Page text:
Copyright ©2005 NPR. For personal, noncommercial use only. See Terms of Use. For other uses, prior permission required.

STEVE INSKEEP, host:

On a recent trip to refugee camps along Darfur's border with Chad, Human Rights Watch workers stumbled upon some unexpected testimony. Young witnesses aged seven to 17 drew pictures of rampant violence against them in their villages. Their work is the first visual testament to the events in Darfur because so far, no one has been able to capture an attack on film. Dina Temple-Raston reports.

DINA TEMPLE-RASTON reporting:

Aid workers at a refugee camp in Teenid(ph), Chad, on Sudan's western border, passed out crayons and paper to children to keep them busy while Human Rights Watch officials interviewed their parents. Without prompting or instruction, the young artists put pen to paper and produced some harrowing images, the visions of an unfolding genocide.

Ms. MINKY WORDEN (Media Director, Human Rights Watch): This is a drawing that encapsulates the entire Darfur conflict.

TEMPLE-RASTON: Minky Worden is the media director at Human Rights Watch in New York. She's in a cavernous room on the Lower East Side in New York University's Edgar Bronfman Center, where more than 27 of the children's drawings are on display through Labor Day, the first stop in the national tour. She describes one of the drawings by Taha, a 13-year-old from Darfur.

Ms. WORDEN: You see the government helicopters bombing the villages. You see armored personnel carriers rolling into the villages. You see these distinctive Darfurian conical huts ablaze. You see the people fleeing in terror. And the amazing thing about this drawing is the ability of this child, age 13 or so, to make stick figures show absolute terror.

TEMPLE-RASTON: Their stick arms are raised over their heads in surrender. The roofs of their village huts are colored red with flames. Helicopters circle above. APCs are shooting into their huts. Worden says his drawing and dozens of others are providing new evidence that the government in Khartoum is involved with the ethnic cleansing in Darfur.

Ms. WORDEN: The Janjaweed, the paramilitaries who were trained and armed and backed by the Sudanese government, they have horses, they have camels. They do not have airplanes, they do not have helicopters, and they do not have the heavy artillery that you see in so many of these drawings.

TEMPLE-RASTON: Human Rights Watch says the weapons' detail is chilling. Marc Garlasco is a military analyst with the group. He has a pile of refugee children drawings on his desk and has photographs of military hardware on his computer screen. He points to one of the children's drawings which show two armed men on a camel.

Mr. MARC GARLASCO (Military Analyst, Human Rights Watch): There's a guy sitting in the front, and he has an AK-47. It's a folding-stock AK-47, and so the kid had to really know that and look at it and see what it is. But the guy in the back has got a FAL, which is the Belgian assault rifle, and you can just look at the picture and see how the kid has drawn it, with that very boxy magazine.

TEMPLE-RASTON: He turns to another drawing of a diamond-shaped attack plane flying over a village.

Mr. GARLASCO: We know that the Sudanese purchased MiG-21's from Russia in the 1960s, and when you look at some of these pictures, you can see this--what looks like--to be a very diamond-shaped aircraft that's kind of flying around on their drawing. And it's a very iconic picture of a MiG-21, and it was just amazing to me that I could look at it when the pictures were put in front of me, and I thought, `Well, jeez, you know, this kid is seeing a MiG-21 attacking them.'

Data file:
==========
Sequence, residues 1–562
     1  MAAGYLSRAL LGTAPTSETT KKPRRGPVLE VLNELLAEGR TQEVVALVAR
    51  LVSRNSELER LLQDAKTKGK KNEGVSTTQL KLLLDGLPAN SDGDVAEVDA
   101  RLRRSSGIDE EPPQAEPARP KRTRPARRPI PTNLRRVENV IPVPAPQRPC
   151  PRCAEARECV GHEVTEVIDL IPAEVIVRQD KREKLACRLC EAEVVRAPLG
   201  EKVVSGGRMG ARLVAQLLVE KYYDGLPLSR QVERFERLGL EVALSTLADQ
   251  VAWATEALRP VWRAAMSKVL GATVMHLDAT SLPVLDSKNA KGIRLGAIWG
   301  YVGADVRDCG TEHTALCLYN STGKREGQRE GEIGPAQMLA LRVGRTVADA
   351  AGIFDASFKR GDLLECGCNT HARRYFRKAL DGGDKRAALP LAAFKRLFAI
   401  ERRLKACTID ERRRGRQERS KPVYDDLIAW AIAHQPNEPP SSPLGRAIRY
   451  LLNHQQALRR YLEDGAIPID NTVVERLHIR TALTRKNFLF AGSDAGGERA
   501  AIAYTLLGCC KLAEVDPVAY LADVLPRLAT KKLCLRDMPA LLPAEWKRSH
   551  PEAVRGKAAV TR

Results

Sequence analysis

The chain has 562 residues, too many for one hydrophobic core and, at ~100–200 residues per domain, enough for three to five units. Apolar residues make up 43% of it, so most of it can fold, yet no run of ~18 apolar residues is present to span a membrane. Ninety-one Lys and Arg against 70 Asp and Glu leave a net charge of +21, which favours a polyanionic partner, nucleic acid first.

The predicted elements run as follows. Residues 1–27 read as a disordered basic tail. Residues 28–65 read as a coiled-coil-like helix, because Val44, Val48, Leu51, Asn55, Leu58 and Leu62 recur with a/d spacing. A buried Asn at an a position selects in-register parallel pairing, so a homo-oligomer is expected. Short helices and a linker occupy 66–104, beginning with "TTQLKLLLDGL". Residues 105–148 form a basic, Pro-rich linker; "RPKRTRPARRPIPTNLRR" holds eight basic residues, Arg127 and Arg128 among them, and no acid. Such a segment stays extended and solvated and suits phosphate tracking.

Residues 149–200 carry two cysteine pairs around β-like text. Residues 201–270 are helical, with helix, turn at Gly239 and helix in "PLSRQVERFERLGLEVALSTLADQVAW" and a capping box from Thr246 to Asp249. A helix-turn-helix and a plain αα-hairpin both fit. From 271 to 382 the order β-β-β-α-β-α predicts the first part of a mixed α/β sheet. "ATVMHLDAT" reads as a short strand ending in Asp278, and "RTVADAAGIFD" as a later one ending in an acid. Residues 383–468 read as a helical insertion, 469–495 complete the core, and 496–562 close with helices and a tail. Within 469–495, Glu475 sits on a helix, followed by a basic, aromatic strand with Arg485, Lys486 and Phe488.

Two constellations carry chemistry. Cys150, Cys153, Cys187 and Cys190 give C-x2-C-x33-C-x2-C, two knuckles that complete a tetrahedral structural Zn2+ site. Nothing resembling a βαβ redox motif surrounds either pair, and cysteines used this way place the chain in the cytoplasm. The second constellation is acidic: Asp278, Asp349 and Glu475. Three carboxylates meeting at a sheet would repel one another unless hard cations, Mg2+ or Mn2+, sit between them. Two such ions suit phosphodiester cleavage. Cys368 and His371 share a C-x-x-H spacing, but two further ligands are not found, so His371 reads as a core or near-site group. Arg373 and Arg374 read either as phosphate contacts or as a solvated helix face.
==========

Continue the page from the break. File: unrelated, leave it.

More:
TEMPLE-RASTON: As many as 200,000 people have died in Darfur since 2003, and the UN estimates 2.4 million people have been displaced. The government in Khartoum has said some rogue elements in the military are responsible for the violence. They vowed to find the perpetrators and try them. The International Criminal Court in The Hague is also looking to prosecutions. And while the children's renderings may not be admissible in court, the raw emotion of the show does more than 100 testimonial interviews ever could, because these children so clearly haven't edited themselves. They've only drawn as best they could what they've seen. For NPR News, I'm Dina Temple-Raston.

INSKEEP: To see the conflict in Darfur as it looks like through a child's eyes, go to npr.org.

This is NPR News.

Copyright © 2005 NPR. All rights reserved. No quotes from the materials contained herein may be used in any media without attribution to NPR. This transcript is provided for personal, noncommercial use only, pursuant to our Terms of Use. Any other use requires NPR's prior permission. Visit our permissions page for further information.

NPR transcripts are created on a rush deadline by a contractor for NPR, and accuracy and availability may vary. This text may not be in its final form and may be updated or revised in the future. Please be aware that the authoritative record of NPR's programming is the audio.

Comments

 

Please keep your community civil. All comments must follow the NPR.org Community rules and terms of use, and will be moderated prior to posting. NPR reserves the right to use the comments we receive, in whole or in part, and to use the commenter's name and location, in any medium. See also the Terms of Use, Privacy Policy and Community FAQ.

Support comes from: